Sachin Tendulkar plays himself in this sports-docudrama that traces the life and times of one of the world’s biggest cricket phenomenas.
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The sensational follow-up to “London in the Raw,” “Primitive London” sets out to reflect society’s decay through a sideshow spectacle of 1960s London depravity—and manages to outdo its predecessor. Here, we confront mods, rockers and beatniks at the Ace Café, cut some rug with obscure beat band The Zephyrs, smirk at flabby men in the sauna and goggle at sordid wife-swapping parties as we discover a pre-permissive Britain still trying to move on from the post-war depression of the 1950s.
Dr Michael Mosley investigates Britain’s most secretive and controversial military research base, Porton Down, on its 100th anniversary. He comes face to face with chemical and biological weapons old and new, reveals the truth about shocking animal and human testing, and discovers how the latest science and technology are helping to defend us against terrorist attacks and rogue nations.
In 2013 Jeremy Clarkson and Richard Hammond embarked on what they hoped would be the perfect road trip. It started well and ended, quite frankly, very badly. Unbowed, the Top Gear pair are back for another crack and this time they’re hoping to avoid inconveniences like apprehension by the French police. Welcome, then, to The Perfect Road Trip… 2. Once again, Clarkson and Hammond are seeking joy and perfection wherever it may be with a range of fast, beautiful and exciting cars unleashed on glorious roads amongst gorgeous scenery and drenched in Mediterranean sunshine. As part of their arduous research into perfection, the duo will also undertake some ridiculous challenges and hilarious stunts culminating in a strangely literal car race on the island of Capri. Top Gear – The Perfect Road Trip 2. This time it really is perfect. Except for the bits that aren’t.
Orhan Pamuk – Turkey’s Nobel laureate for Literature – opens a museum in Istanbul. A museum that’s a fiction: its objects trace a tale of doomed love in 70’s Istanbul. The film takes a tour of the objects as the starting point for a trip through images, landscapes and the chemistry of the city. A film about Istanbul, love, memory and loss.
For the last two years, Fairclough and Porter have traveled to every inhabited continent on the planet with a simple goal: to show the world a new vision of mountain biking. Joined on this quest by a collection of the most progressive and influential riders that this generation of mountain biking has to offer, Fairclough and Porter have embarked on an all-out assault on the bleeding edge of the sport’s limits. DEATHGRIP is a relentless mission to challenge the limits of creativity, technology, and the human potential. DEATHGRIP is a creative oasis for Fairclough and Porter – a place where the raw expression of Fairclough’s riding ability is captured with the most progressive filmmaking technology against the backdrop of the most visually engaging locations in the world. The future is now. #DEATHGRIPMOVIE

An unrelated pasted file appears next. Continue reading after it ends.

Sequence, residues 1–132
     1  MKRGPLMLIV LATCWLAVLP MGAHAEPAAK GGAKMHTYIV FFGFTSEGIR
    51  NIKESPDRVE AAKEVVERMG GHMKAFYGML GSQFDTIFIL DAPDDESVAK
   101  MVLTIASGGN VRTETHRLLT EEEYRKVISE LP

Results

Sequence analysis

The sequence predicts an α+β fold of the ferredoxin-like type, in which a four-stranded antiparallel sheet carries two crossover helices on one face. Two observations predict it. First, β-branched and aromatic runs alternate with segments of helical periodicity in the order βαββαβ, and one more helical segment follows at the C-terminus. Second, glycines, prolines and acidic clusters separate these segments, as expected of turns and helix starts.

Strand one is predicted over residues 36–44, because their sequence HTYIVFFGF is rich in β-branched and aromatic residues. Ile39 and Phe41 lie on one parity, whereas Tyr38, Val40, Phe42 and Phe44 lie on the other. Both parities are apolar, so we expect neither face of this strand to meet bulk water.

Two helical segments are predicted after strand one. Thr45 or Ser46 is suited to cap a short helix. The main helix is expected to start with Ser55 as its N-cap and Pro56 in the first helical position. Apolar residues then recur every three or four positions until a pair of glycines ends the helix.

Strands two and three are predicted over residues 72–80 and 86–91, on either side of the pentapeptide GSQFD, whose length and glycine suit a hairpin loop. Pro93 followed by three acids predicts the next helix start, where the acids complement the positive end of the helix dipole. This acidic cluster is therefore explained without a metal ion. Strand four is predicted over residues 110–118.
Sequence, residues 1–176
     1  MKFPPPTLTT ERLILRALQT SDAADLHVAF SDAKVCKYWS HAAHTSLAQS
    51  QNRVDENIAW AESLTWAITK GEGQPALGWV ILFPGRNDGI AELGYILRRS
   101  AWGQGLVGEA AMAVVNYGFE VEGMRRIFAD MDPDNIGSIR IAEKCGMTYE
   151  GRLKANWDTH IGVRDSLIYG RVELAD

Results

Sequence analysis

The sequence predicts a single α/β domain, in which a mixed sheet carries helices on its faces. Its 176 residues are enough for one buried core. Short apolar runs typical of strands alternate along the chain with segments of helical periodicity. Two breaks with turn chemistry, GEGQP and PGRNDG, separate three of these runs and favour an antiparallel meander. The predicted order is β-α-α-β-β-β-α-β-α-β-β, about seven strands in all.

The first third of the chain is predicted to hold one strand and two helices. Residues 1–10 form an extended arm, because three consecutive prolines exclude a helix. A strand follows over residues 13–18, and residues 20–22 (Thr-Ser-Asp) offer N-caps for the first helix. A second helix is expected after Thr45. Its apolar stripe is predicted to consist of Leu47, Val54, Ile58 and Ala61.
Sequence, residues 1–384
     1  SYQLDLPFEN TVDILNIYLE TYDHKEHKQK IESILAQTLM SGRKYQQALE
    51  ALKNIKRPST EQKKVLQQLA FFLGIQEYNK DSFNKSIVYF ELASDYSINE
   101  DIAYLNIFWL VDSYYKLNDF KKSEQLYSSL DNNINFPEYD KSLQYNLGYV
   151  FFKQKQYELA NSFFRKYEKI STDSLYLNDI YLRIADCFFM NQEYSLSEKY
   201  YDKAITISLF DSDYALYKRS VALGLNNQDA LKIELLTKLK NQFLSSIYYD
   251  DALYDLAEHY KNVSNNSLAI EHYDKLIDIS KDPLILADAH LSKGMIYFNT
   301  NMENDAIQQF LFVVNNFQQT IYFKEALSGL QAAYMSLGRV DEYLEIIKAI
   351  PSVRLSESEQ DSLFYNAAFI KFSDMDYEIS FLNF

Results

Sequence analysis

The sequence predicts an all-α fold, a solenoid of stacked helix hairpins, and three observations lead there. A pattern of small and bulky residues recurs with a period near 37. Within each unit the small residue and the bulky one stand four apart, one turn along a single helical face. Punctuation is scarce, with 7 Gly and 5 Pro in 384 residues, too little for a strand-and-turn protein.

Tim is a bit of a loner. At school he gravitates towards another shy boy and they become friends. But the verbal and physical bullying by a gang of kids, as well as an aggressive use of social media, unsettle Tim’s new mate and he backs away from him – an act of cowardice which will have serious repercussions. As a result of Tim’s unwillingness to snitch, the bullies appear to get away with their actions, none more so than the gang’s leader Jeff. He’s one of the school’s star athletes, who seems guaranteed a place in the national championships with an 800m time of 1.54 minutes. When Tim decides to start training in order to go up against Jeff, even having a girlfriend as cover, his enemies seem willing to go to any lengths to stop him.
A place: Theresienstadt. A unique place of propaganda which Adolf Eichmann called the “model ghetto”, designed to mislead the world and Jewish people regarding its real nature, to be the last step before the gas chamber. A man: Benjamin Murmelstein, last president of the Theresienstadt Jewish Council, a fallen hero condemned to exile, who was forced to negotiate day after day from 1938 until the end of the war with Eichmann, to whose trial Murmelstein wasn’t even called to testify. Even though he was without a doubt the one who knew the Nazi executioner best. More than twenty-five years after Shoah, Claude Lanzmann’s new film reveals a little-known yet fundamental aspect of the Holocaust, and sheds light on the origins of the “Final Solution” like never before.
Paul Simon returns to South Africa to explore the incredible journey of his historic Graceland album, including the political backlash he received for allegedly breaking the UN cultural boycott of South Africa designed to end the Apartheid regime. On the 25th anniversary of Paul Simon’s GRACELAND, acclaimed documentary filmmaker Joe Berlinger offers a glimpse at the controversy surrounding the decision to record the album in South Africa despite a UN boycott of the nation, which was aimed at ending apartheid. In the run-up to an eagerly anticipated reunion concert, Simon, Quincy Jones, Peter Gabriel, David Byrne, Harry Belafonte, Paul McCartney and others reflect on the decision to record with local artists in South Africa, and the cultural impact of the album that delivered such hits as “I Know What I Know” and “You Can Call Me Al.”